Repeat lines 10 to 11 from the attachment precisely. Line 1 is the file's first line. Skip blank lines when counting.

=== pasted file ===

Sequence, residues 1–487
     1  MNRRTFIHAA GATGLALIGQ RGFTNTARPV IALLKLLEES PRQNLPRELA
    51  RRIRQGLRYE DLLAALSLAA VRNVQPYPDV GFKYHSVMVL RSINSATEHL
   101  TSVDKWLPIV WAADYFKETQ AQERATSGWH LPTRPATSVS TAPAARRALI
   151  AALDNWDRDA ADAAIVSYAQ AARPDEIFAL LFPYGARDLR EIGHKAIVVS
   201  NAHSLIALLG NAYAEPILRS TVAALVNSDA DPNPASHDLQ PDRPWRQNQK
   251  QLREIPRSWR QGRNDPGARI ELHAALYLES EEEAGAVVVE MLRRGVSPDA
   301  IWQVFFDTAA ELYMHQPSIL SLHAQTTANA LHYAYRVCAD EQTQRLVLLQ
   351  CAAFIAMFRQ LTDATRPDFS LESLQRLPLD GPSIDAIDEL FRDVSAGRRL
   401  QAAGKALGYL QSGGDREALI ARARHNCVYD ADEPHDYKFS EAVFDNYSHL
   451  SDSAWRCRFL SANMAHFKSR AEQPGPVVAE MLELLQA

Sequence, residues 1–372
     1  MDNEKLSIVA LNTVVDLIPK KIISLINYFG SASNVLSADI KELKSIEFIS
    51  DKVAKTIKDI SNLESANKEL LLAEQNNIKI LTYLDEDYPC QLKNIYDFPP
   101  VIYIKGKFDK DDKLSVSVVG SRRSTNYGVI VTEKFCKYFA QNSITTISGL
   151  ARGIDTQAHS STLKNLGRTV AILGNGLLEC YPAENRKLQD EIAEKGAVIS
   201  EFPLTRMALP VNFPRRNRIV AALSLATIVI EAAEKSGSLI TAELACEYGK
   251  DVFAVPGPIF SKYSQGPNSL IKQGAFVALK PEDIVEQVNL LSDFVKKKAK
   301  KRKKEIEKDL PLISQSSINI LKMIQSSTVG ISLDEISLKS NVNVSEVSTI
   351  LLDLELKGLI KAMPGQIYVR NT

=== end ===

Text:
   401  QAAGKALGYL QSGGDREALI ARARHNCVYD ADEPHDYKFS EAVFDNYSHL
   451  SDSAWRCRFL SANMAHFKSR AEQPGPVVAE MLELLQA